Tuesday, September 13, 2016

A Close Call: Downing & Yates' Escape From Natives

John McClung published a book in 1832 entitled "Sketches of Western Adventure" that offered a glimpse into the settlement of the Western United States.  This book tells the stories of Kentucky's earliest settlers and the struggles with the Native Americans who inhabited the area.  One local recollection can be found in the book and tells the story of two young men and their close encounter with Natives. 
It was August, 1786, and two young men, Francis Downing and one only known as Yates, were living in the blockhouse fortification adjoining the Bourbon Furnace.  A horse belonging to Yates had wandered off from the settlement and, with the help of Downing, a search commenced.  By evening, the pair found themselves some seven miles from the ironworks overlooking a valley.  Downing halted and hushed Yates, advising him to listen closely as he heard what sounded like sticks being broken behind them.  Concerned that the pair were being followed, Downing urged caution.  Yates, who was a bit older than Downing, was an avid hunter and warded off the concern as nothing more than the usual sounds associated with the forest.  Downing voiced his concern again, noting that the sounds seemed to have been following them for some distance before they stopped.  Again, Yates passed it off as paranoia and continued onward into the valley.  Downing followed at a cautious pace, fearing they were being tailed by hostile Natives.  Eventually, Yates had walked several paces ahead and down a hillside.  Downing took the opportunity and ducked into some tall brush nearby, waiting to see if his fears would be verified.  Sure enough, two Natives appeared out of a cane thicket and were observing Yates' movements.  Downing brought his rifle to bear and misfired the shot before he could get the Natives in sight.  The Natives were startled and before they could gather their senses, Downing headed in Yates' direction in a full run.  Yates had heard the shot and was running back to meet his friend, seeing the Natives hurriedly pursuing the pair.  The young men bolted across the field, while the Natives took another path to cut the distance.  The Natives gained on the pair as they tried to outrun them, and soon, a deep trench ahead proved to be the deciding factor in the fight or flight response.  Seeing that retreating back toward the Natives could spell certain disaster, Yates took a bounding leap across the ravine.  Downing attempted to follow suit, but fell short and landed into the deep trench.  The Natives crossed the ravine down from the fallen settler, but either failed to see him or assumed he was too far gone to try and fight.  Downing regained his senses and began to follow the trench until it crested, coming into view of a Native returning to his location.  During his haste, Downing failed to reload his rifle and threw it at the advancing Native as he retreated away.  Fatigue began to set in with Downing as he ran for his life and the Native rapidly gained ground.  The pair ran along a large downed tree, and just as they approached the roots, fate intervened on Downing's behalf.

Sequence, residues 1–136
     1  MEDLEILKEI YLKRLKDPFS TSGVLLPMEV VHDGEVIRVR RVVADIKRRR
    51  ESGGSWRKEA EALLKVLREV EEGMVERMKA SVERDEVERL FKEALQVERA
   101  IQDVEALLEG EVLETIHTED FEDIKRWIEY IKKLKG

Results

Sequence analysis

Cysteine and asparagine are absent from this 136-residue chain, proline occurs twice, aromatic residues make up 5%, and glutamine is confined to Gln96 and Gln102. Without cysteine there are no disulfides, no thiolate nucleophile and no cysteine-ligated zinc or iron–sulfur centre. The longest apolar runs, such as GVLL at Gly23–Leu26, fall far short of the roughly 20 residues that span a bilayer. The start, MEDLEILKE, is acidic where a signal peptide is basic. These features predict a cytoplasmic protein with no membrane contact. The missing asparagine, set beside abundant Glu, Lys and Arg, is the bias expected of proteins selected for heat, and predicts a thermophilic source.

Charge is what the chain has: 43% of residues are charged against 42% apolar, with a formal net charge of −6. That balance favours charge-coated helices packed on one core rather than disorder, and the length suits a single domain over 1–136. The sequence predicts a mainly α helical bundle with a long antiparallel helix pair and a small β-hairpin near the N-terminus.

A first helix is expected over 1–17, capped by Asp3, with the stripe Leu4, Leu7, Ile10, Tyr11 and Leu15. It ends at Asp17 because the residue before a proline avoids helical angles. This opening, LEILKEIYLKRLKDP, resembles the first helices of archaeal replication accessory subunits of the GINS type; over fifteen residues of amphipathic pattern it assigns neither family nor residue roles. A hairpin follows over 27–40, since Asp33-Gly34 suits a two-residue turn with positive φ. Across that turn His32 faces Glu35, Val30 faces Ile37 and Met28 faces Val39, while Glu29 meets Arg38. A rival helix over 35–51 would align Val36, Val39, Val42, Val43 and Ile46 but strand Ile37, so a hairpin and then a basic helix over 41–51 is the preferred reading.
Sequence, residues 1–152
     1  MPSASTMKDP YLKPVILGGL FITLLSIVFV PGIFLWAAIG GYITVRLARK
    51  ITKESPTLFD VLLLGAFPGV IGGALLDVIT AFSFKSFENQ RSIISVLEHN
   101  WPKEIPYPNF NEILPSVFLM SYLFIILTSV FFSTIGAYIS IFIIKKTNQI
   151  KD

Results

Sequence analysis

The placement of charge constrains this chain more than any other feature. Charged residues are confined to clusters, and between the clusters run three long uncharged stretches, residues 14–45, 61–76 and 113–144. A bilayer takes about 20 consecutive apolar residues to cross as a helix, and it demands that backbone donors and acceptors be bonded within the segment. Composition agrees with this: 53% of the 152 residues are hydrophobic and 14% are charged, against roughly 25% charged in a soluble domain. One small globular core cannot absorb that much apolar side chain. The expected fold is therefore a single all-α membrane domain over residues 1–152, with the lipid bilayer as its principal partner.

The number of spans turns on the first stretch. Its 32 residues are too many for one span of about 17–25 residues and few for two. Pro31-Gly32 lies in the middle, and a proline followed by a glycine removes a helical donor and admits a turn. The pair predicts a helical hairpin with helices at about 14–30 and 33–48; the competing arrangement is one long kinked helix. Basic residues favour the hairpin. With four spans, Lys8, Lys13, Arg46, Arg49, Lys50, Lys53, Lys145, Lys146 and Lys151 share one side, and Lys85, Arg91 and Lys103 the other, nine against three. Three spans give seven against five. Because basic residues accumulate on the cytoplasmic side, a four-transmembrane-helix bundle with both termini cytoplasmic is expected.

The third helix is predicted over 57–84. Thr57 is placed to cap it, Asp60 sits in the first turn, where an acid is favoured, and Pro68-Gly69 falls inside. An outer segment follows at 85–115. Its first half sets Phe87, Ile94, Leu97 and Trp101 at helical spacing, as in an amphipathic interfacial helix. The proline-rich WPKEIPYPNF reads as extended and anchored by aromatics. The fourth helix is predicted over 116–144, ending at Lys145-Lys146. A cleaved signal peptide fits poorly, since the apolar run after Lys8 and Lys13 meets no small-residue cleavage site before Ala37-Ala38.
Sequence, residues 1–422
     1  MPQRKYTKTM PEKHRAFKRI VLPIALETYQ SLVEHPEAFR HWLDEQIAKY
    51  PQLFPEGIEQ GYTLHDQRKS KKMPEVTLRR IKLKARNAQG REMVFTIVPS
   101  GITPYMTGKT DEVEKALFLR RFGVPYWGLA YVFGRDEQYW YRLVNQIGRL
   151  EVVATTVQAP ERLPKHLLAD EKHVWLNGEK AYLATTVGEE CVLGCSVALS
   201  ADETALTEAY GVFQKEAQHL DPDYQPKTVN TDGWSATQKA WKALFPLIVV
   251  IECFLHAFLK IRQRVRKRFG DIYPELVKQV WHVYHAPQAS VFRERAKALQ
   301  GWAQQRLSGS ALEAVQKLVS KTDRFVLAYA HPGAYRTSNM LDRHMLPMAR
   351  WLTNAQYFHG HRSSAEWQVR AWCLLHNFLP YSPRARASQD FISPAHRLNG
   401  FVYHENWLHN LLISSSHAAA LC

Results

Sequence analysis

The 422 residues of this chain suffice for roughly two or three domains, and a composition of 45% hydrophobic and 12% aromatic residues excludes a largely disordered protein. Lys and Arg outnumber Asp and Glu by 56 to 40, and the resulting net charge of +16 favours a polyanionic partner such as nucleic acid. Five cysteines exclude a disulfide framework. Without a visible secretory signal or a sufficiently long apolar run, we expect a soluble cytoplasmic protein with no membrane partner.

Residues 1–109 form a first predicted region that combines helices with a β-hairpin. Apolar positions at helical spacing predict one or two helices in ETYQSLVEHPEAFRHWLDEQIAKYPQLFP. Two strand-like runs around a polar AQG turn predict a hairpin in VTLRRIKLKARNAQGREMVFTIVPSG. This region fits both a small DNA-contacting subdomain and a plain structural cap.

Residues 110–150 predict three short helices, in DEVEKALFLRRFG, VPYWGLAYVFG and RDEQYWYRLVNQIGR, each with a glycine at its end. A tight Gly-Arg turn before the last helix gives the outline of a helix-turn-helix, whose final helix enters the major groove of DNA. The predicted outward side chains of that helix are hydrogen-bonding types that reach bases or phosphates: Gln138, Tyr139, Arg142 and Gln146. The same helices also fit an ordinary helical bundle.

The Native arrived at the base of the fallen tree, and as he made the turn to meet Downing, a large mother bear with a cub was there.  The bear jumped up at the Native and pounced on him; both Native and animal interlocked in a fight.
The Native managed to brandish his knife and stab the bear, who was viciously defending her cub.  Downing watched this event very briefly and took the opportunity to flee back toward the Bourbon Furnace stockade.  The young man ran at full speed and finally reached the stockade without further incident.  Yates was already back, having escaped his pursuers who had given up the chase some two hours before Downing's arrival.  The pair told their harrowing tale of survival and were thankful they had been spared.  The next day, a party of men returned to the tree's location, but found no sign of the bear, the cub, or the Native. 
Although few, clashes between settlers and Natives weren't uncommon in Bath County.  Two more incidents near the Bourbon Iron Furnace are noted in John Richards' A History of Bath County;  John Ely was attacked and killed by Natives a short distance from the furnace in 1787 along what is now called Ely's Branch, and John McGuire was shot and injured by Natives in the same vicinity in 1792.  Several more widely known, and very bloody, fights occurred in surrounding counties; Little Mountain and Morgan's Station in Montgomery County, Battle Run in Fleming County, and Blue Licks in Robertson County.  Eventually, Native attacks in Kentucky subsided and settlers began taking over the once 'dark and bloody ground' the Natives used for hunting.  While these tales have been handed down through many generations, the early days of Kentucky were surely a fascinating, and dangerous time; painting an adventurous scene in the minds of those who followed.

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